Archive for the ‘Spratly’ Category

Beijing sends patrol ship to South China Sea

March 15, 2009

China has dispatched its most modern patrol ship to the South China Sea, state press said Sunday, after an incident with a US naval vessel and a fresh claim by the Philippines to the disputed territory.

The Beijing News said the vessel would conduct patrols of what it called China’s exclusive maritime zone in the disputed waters surrounding the Paracel and Spratly Islands.

It said the converted naval rescue ship would aid Chinese fishing boats and transport vessels.

The Philippines passed a law last week which lays claim to disputed islands in the Spratlys chain that are also claimed by China. Beijing has called the law “illegal and invalid.”

Tensions in the area rose further when the United States sent destroyers to international waters off southern China to protect a naval surveillance patrol that was involved in a stand off with Chinese vessels.

China says the US patrol vessels were within its 200-kilometre (125-mile) economic exclusive zone, but the United States has insisted they were in international waters.

Beijing sends patrol ship to South China Sea
AFP/File – File photo shows a sailor of the People’s Liberation Army (PLA)

The Spratly and Paracel island chains have been flashpoints for years.

The Spratlys are claimed in full or part by China and Vietnam as well as the Philippines, Malaysia, Brunei and Taiwan, and the Paracels are claimed by China, which now occupies them, as well as by Vietnam and Taiwan.

–AFP


Above: Missile Destroyer Haikou 171 of the PLA Navy’s South China Sea Fleet.

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Philippines Enacts Law Claiming Islands also Claimed by China, Others

March 11, 2009

The Philippine president has signed a law affirming sovereignty over islands also claimed by China and Vietnam, an official said Wednesday, sparking protests over the control of strategic South China Sea islands.

Associated Press

The legislation, signed Tuesday by President Gloria Macapagal Arroyo, reaffirms Philippine sovereignty over the more than 7,100 islands in its archipelago, Executive Secretary Eduardo Ermita said. It also claims outlying islands in the Spratly chain and Scarborough Shoal – two regions in the South China Sea.

China claims sovereignty over both chains. Vietnam and others have long laid claim to the Spratlys.

“We are sending the message to the whole world that we are affirming our national sovereignty … our national interest,” Ermita told a news conference.

The Chinese Embassy issued a statement expressing its “strong opposition and solemn protest” over the signing of the law, and insisted China “has indisputable sovereignty over these islands and their adjacent waters.”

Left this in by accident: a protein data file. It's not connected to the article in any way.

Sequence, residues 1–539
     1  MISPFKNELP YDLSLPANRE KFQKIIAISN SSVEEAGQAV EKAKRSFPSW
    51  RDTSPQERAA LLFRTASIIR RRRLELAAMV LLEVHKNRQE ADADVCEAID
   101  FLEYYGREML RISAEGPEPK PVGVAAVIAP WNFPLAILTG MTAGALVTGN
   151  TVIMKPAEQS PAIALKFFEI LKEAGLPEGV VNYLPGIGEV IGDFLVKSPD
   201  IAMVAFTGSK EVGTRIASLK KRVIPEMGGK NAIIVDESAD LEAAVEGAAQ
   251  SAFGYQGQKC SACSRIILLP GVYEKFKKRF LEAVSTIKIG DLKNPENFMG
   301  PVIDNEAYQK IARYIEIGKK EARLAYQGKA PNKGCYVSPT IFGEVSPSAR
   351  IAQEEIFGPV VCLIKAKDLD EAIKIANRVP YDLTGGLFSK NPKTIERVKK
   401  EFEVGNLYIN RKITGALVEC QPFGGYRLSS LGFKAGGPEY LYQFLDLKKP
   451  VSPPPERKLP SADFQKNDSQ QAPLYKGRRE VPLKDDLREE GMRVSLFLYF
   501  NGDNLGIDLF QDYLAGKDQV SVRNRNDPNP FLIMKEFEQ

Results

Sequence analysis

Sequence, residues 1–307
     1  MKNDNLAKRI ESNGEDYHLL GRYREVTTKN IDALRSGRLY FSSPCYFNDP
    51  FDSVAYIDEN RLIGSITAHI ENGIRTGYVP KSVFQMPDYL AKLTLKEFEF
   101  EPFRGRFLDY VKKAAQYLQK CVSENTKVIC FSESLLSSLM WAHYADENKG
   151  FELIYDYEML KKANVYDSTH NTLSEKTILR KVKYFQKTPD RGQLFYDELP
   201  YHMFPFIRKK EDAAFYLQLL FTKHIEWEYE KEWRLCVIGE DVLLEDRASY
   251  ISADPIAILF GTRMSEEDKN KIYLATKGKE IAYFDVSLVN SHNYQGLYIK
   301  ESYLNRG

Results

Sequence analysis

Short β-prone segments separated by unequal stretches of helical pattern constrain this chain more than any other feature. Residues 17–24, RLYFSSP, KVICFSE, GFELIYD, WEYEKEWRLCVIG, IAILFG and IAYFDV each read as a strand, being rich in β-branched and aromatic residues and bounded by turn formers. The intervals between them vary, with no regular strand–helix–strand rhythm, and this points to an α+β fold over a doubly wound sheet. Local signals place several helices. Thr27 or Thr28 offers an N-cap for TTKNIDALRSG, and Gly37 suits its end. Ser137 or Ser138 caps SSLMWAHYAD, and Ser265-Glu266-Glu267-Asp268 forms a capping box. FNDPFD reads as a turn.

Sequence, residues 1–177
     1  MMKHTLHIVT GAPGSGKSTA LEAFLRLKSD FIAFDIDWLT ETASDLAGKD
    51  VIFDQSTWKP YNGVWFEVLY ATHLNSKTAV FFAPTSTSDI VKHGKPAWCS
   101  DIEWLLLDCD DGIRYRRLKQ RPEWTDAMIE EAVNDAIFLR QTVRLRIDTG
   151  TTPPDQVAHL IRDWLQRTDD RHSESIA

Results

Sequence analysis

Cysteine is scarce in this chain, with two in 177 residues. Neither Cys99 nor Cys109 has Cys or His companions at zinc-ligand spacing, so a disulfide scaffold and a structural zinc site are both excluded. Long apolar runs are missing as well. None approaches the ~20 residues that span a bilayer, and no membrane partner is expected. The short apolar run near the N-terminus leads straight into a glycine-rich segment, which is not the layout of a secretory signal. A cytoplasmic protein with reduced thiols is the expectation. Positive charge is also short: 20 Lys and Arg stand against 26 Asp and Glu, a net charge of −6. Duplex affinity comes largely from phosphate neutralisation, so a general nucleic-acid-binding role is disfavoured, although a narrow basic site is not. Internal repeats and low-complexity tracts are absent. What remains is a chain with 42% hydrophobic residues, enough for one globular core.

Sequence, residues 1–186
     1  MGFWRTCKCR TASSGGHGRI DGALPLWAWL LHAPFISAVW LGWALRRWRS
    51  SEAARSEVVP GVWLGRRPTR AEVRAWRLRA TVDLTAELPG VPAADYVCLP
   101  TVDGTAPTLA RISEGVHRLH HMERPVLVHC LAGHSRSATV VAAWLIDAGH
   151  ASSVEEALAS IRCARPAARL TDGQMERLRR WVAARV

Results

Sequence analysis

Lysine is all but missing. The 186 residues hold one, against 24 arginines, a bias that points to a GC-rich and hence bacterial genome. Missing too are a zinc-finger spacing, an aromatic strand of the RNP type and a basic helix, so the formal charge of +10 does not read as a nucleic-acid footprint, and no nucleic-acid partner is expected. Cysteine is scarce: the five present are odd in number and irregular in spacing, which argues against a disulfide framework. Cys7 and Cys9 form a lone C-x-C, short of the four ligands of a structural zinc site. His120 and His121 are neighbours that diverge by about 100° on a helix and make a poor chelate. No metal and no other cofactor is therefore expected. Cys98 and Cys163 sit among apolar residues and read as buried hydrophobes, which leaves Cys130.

Earlier, China’s Foreign Ministry summoned a Philippine Embassy official to protest the passage of the bill in the Philippine Congress.

Vietnam also urged the Philippines to refrain from taking action that might complicate the dispute.

Foreign Affairs official Henry Bensurto said the Philippines passed the law not to reiterate its claims over the Spratlys and Scarborough Shoal but to define the baseline used to determine its extended continental shelf.

The U.N. has asked the Philippines and other countries that signed the U.N. Convention on the Law of the Sea to submit the dimensions of their claimed continental shelf by May 13. The convention, which came into force in 1994, defines the maritime limits of its signatories.

The Spratlys, believed to be rich in oil, gas and fish, consist of about 100 barren islets, reefs and atolls dotting the world’s busiest shipping lanes in the South China Sea.

Vietnam, China, Taiwan, the Philippines, Malaysia and Brunei each claim all or part of the low-lying islands.

Read the rest:
http://apnews.myway.com/article
/20090311/D96RQ50G0.html

Japan urges Chinese ships to leave disputed waters

December 8, 2008

Japan’s coast guard urged Chinese survey ships to leave waters near disputed islands in the East China Sea on Monday, and the government lodged a protest with Beijing, officials said.

The two maritime survey ships entered waters surrounding the Japan-held islands, known as the Senkaku in Japan and the Diaoyu in China, earlier in the day, the coast guard said.

“Despite repeated warnings issued by radio from our patrol boat, the Chinese ships are still within our waters,” said coast guard official Kazuya Ono.

Japan also lodged a protest with China over the entry, but Beijing responded by saying it was checking facts, a Japanese Foreign Ministry official said on condition of anonymity, citing protocol.

The islands are held by Japan but claimed by China and Taiwan, and the territorial dispute is one of many that have strained ties between Tokyo and Beijing.

It was unclear what the Chinese ships were doing in the waters, which Japan watches closely for intrusions by outside ships.

In June, a Taiwanese fishing boat sank near the islands after a collision with a Japanese coast guard ship. Taiwan accused the Japanese of ramming the boat; Japan contended the Taiwanese captain was responsible for the collision.

Japanese authorities recently agreed to give the sunken ship‘s owner 10 million New Taiwan dollars ($300,000) in compensation.

Japan annexed the island chain in 1895, saying no nation exercised a formal claim over them. The islands, lying roughly midway between Okinawa and Taiwan, were administered by the United States after World War II until they were returned to Tokyo in 1972.

China says the islands have been part of its territory since ancient times.

By SHINO YUASA, Associated Press Writer

China has been aggressively researching the world’s oceans for exploitable oil.  Vietnam routinely protests China’s
presence near the Spratly Islands.